An international tribunal, Permanent Court of Arbitration (PCA), has ruled against Chinese claims to rights in the South China Sea, backing a case brought by the Philippine, declaring that there was no evidence that China had historically exercised exclusive control over the waters or resources.
In 2001, in response to an Association of Southeast Asian Nations (ASEAN) agreement with China regarding conduct in the South China Sea, Odgaard (2001) optimistically described the cooperation as the beginning of a “new order”. Odgaard remarked that, “The dispute highlights differences in the approach of the two entities to the balance of power, diplomacy, and international law…[and] the seeds of a new order emerge, representing a compromise between the security practices employed by China and Southeast Asia” (Odgaard, 2001, p. 292). As recent events have demonstrated, Odgaard weighted a liberal approach to the dispute too heavily, and China’s rising economic status has tipped the scales in its favor, allowing it to ignore ASEAN’s deterrence coalition.
Even as China claims most of the South China Sea where it has been building islands, Indonesia has formally protested to China over an infringement of its waters. On June 18 an Indonesian patrol ship attempted to detain a Chinese fishing boat it says was fishing illegally in the Natuna Sea of Indonesia. But it was prevented from doing so by the Chinese coastguard. Eight crew members of the fishing vessel Kway Fey were detained, however.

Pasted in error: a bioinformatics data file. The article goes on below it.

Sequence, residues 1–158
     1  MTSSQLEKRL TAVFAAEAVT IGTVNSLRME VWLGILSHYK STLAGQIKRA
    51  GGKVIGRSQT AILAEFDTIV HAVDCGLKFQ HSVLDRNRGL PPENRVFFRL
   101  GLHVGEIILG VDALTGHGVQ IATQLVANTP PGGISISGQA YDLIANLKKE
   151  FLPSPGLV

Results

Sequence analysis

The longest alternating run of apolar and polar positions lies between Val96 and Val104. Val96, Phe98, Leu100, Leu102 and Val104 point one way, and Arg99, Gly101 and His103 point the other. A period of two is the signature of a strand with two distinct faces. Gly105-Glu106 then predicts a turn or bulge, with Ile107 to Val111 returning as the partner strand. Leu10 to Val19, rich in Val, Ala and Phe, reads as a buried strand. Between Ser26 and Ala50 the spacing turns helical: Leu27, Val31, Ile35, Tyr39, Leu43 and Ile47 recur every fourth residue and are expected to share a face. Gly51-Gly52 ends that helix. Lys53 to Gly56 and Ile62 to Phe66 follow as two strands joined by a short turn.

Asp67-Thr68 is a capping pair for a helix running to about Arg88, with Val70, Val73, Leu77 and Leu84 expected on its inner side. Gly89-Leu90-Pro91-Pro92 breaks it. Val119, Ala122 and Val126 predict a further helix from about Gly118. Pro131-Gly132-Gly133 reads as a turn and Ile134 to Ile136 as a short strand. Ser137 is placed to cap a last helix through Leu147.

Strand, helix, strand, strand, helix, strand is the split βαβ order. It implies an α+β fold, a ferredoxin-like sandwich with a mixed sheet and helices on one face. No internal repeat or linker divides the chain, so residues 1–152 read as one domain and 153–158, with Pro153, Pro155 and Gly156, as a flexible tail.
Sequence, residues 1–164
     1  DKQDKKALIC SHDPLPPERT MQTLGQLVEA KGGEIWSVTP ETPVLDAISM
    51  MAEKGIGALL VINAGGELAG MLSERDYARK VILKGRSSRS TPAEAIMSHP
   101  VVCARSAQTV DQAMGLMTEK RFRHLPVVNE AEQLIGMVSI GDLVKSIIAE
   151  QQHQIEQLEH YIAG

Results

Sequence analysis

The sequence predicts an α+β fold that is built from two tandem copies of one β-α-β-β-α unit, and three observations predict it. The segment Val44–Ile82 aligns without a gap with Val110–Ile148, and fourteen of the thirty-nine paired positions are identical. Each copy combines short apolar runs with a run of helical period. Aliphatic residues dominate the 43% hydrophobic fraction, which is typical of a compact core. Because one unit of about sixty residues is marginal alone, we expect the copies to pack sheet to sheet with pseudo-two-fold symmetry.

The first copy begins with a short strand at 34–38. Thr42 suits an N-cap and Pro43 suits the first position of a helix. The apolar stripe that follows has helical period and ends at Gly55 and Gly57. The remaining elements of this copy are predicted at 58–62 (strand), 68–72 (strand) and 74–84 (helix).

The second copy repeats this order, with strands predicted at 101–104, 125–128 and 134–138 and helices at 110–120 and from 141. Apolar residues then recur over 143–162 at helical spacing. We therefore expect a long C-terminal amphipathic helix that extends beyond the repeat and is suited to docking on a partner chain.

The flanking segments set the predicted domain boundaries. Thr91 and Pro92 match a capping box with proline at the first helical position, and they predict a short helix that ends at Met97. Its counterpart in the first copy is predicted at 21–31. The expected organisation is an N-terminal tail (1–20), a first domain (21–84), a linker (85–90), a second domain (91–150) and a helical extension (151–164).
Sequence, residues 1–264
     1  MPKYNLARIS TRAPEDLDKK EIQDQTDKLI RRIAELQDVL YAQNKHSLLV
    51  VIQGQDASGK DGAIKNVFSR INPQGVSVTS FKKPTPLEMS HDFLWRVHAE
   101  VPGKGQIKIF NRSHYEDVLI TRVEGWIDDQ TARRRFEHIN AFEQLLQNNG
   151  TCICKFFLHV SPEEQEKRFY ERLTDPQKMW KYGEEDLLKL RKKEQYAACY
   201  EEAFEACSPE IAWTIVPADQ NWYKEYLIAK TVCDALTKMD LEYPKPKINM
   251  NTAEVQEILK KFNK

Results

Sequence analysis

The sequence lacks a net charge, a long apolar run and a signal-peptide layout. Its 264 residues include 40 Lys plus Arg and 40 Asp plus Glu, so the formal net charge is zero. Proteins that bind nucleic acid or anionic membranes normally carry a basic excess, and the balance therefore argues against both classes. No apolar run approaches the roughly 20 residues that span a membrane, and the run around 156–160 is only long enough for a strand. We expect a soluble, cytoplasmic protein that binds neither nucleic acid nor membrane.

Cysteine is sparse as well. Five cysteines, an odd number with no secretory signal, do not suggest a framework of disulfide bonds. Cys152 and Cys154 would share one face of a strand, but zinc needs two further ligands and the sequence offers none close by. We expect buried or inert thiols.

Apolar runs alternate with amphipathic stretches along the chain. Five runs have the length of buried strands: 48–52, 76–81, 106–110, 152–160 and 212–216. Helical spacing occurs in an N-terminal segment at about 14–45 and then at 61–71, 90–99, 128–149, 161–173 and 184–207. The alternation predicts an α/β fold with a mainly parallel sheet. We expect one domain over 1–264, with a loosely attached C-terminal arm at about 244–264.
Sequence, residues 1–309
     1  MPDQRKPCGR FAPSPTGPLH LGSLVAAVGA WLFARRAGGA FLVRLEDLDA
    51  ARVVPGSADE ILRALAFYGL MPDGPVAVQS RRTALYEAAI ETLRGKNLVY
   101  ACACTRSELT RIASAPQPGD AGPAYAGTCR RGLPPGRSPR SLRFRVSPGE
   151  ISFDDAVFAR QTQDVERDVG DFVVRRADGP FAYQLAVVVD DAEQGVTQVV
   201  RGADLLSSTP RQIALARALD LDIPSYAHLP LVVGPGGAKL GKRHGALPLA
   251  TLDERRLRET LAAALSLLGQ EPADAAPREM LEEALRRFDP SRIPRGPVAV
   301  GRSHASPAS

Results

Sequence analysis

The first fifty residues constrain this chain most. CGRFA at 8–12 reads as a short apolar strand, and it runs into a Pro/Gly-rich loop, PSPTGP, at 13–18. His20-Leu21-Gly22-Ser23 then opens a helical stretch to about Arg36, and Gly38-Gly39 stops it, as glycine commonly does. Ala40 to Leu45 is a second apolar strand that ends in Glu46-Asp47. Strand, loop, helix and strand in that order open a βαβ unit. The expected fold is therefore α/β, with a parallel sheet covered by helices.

One of objective of ‘Asia pivot’ policy of USA has been to target China as a military ally of Russia and keep the Asian nations away from Chinese influence. Washington has been able to put pressure on Russia not to dominate the nations in Asia with military tie ups. In this respect, there is a stiff completion and even conflict among China, India and Japan to shift Bangladesh away from China.
Several countries have supported the Chinese position on the South China Sea issue. China claims nearly all of the South China Sea — a vast tract of water through which a huge chunk of global shipping passes. It has bolstered its claim by building artificial islands including airstrips in the area, some of which are suitable for military use. The Philippines, Taiwan, Brunei, Malaysia and Vietnam have competing claims to parts of the sea, which is believed to harbour significant oil and gas deposits.
The recent news reported by media about Sri Lanka’s proposal to demolish the century old St. Antony’s church in Katchtheevuhas irritated the Indian ruling elite, particularly the political parties across Tamil Nadu. These parties are now standing in one voice to pressure New Delhi to thwart this Sri Lankan move.
ASEAN finds itself at the nexus of the world’s great powers, the United States and China, and must balance their competing influences while maintaining friendly relationships that can help drive the region’s economic growth.
After a prolonged conflict between Russia-G7 (the Group of Seven advanced economies) remaining without any solution so far, now China and G7 are gearing up for a serious conflict which, if not controlled by the big powers, could escalate into a another cold war situation. America’s Asia pivot targeting China (and Russia) and China’s recent military action on South China Sea (SCS) have now placed G7 and China in a conflictual situation. The G-7 grouping comprises Britain, Canada, France, Germany, Italy, Japan and the United States. The EU is also represented in the club.